Sacked Treasury adviser settles unfair dismissal claim

Image source, PA Media
Image caption,
Sonia Khan worked for Philip Hammond in the Treasury and was kept on by his successor, Sajid Javid

A special advisor who was escorted out of Downing Street by police after a confrontation with Dominic Cummings has settled her unfair dismissal claim.

Sonia Khan has agreed an out-of-court settlement with the government after being sacked in August 2019.

No reason was given for her dismissal, but it is thought she had been accused by Mr Cummings of leaking details of a no-deal Brexit exercise to the media.

Her then-boss, Sajid Javid "voiced his anger" with the PM over her treatment.

Mr Javid later resigned as chancellor after rejecting a demand from No 10 that he fire his entire team of aides.

In a statement, Ms Khan said she had reached a settlement with the Treasury and was "no longer pursuing my employment tribunal claim", which was due to be heard in December.

The figure has not been made public, but the Guardian is reporting "a five-figure payoff by the government".

The announcement comes a day after Dominic Cummings confirmed he would be leaving his role in Downing Street by Christmas.

Ms Khan was summoned to a meeting in August last year with Mr Cummings after details around Operation Yellowhammer - setting out the potential consequences of a no-deal Brexit - were leaked.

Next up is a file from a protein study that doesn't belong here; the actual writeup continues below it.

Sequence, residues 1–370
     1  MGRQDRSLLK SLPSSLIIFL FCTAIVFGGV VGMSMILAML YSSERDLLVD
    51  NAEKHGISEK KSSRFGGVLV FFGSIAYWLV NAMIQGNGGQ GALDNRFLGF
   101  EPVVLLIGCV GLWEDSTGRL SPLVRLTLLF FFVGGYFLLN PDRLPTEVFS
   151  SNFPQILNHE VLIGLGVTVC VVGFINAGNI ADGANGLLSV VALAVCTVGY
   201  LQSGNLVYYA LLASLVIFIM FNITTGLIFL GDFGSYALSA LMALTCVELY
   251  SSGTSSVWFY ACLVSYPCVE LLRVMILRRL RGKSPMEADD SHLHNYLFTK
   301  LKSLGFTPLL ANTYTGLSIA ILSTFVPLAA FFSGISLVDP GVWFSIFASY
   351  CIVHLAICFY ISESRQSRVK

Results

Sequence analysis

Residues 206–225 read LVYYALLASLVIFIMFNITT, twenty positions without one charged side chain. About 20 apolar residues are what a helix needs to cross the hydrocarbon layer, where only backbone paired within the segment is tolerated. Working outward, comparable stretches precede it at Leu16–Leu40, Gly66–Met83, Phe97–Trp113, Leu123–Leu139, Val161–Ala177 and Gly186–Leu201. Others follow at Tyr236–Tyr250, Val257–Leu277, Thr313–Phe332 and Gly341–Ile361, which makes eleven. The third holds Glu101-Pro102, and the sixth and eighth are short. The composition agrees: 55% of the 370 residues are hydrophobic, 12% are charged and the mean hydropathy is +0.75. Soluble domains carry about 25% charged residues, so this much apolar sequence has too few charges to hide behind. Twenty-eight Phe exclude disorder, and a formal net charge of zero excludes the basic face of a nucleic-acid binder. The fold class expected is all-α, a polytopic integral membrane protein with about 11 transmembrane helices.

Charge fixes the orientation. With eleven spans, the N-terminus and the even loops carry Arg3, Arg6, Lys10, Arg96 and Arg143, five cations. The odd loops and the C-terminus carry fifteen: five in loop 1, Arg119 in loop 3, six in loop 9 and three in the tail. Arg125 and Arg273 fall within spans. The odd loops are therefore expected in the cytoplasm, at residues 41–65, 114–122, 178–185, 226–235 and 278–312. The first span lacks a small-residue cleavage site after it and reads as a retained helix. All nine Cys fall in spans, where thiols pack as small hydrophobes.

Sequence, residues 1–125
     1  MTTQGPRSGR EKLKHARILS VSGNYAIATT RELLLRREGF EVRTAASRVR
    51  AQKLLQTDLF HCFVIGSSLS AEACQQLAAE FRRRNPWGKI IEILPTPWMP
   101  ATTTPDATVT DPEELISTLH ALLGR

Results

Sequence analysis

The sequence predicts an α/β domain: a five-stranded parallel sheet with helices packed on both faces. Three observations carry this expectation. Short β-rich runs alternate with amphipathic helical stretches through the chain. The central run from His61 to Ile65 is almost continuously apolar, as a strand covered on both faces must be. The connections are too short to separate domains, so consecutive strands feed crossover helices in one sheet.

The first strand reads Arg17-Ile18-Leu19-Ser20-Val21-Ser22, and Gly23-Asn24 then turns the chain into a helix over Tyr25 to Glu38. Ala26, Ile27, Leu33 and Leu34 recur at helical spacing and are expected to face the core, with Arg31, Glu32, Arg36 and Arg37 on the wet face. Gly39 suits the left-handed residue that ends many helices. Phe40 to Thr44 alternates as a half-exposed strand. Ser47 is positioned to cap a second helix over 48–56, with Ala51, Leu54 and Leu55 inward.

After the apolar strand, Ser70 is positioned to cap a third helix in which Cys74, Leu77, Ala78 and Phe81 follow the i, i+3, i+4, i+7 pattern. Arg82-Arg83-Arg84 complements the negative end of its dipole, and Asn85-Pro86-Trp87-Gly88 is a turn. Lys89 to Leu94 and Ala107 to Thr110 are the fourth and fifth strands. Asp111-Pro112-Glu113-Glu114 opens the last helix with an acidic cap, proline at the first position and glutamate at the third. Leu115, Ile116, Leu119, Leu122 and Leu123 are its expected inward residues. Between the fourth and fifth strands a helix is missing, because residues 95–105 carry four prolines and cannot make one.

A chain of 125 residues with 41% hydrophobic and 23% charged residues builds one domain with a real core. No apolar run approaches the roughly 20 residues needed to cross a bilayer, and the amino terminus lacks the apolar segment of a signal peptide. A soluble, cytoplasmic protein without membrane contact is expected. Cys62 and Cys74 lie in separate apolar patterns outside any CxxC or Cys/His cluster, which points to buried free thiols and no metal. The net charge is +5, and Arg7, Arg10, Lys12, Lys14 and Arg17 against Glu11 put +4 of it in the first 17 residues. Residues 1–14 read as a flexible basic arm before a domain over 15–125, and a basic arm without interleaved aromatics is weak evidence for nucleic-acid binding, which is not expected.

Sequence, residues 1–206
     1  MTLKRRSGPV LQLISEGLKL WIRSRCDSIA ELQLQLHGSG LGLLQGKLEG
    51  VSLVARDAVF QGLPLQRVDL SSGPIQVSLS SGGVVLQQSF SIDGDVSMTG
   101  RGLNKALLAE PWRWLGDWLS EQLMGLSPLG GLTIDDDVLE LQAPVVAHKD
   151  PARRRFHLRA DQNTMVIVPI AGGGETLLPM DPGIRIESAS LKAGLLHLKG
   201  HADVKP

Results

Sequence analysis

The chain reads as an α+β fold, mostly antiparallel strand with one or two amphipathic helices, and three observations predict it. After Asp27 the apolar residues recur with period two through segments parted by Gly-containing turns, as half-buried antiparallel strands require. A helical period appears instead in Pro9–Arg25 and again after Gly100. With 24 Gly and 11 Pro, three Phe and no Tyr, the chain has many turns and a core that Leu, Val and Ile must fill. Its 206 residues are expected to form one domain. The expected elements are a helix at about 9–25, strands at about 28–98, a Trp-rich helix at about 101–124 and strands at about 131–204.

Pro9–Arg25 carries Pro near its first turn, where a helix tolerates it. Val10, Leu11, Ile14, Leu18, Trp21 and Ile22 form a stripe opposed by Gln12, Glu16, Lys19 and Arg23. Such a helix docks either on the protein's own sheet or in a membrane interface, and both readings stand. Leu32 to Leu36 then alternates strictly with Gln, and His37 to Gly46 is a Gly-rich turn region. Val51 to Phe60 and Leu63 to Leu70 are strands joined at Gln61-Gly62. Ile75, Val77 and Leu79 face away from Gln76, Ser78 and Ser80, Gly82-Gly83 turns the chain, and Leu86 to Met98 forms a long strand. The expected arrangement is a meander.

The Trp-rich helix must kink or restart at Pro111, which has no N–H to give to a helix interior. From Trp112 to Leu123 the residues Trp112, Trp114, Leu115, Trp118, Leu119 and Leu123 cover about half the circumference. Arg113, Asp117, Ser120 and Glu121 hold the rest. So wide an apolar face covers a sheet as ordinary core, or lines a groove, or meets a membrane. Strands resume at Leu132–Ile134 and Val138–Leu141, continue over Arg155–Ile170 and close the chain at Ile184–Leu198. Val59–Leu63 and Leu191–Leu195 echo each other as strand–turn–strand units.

At the meeting, she handed over both her personal and work phones, and her phone logs were checked.

No reason was given for her dismissal, but it was suggested the issue was whether she could be trusted to be transparent with No 10.

After reports Ms Khan's security clearance was instantly removed and she was marched out of the building, the Metropolitan Police issued a statement, confirming a "police officer stationed at the door of No 10 Downing Street escorted a woman from the front door to exit gates as she did not have a security pass at the time".

After the incident, the relationship between No 10 and No 11 continued to sour, and Mr Javid left his post four weeks before he was due to present his Budget - handing the task to his Chief Secretary to the Treasury, Rishi Sunak.

Soon after, Ms Khan launched legal action against the Treasury for unfair dismissal and sex discrimination.

Now the two sides have reached a settlement, Ms Khan said she would now be "moving on with my life and career".

In a statement, she added: "I have a fulfilling job as a consultant, I maintain great affection for the Conservative Party and remain a committed Conservative.

"The party took me under its wing when I was a teen and I feel hugely privileged to have served as a special adviser under the last two prime ministers."

The BBC has contacted the Treasury for a response.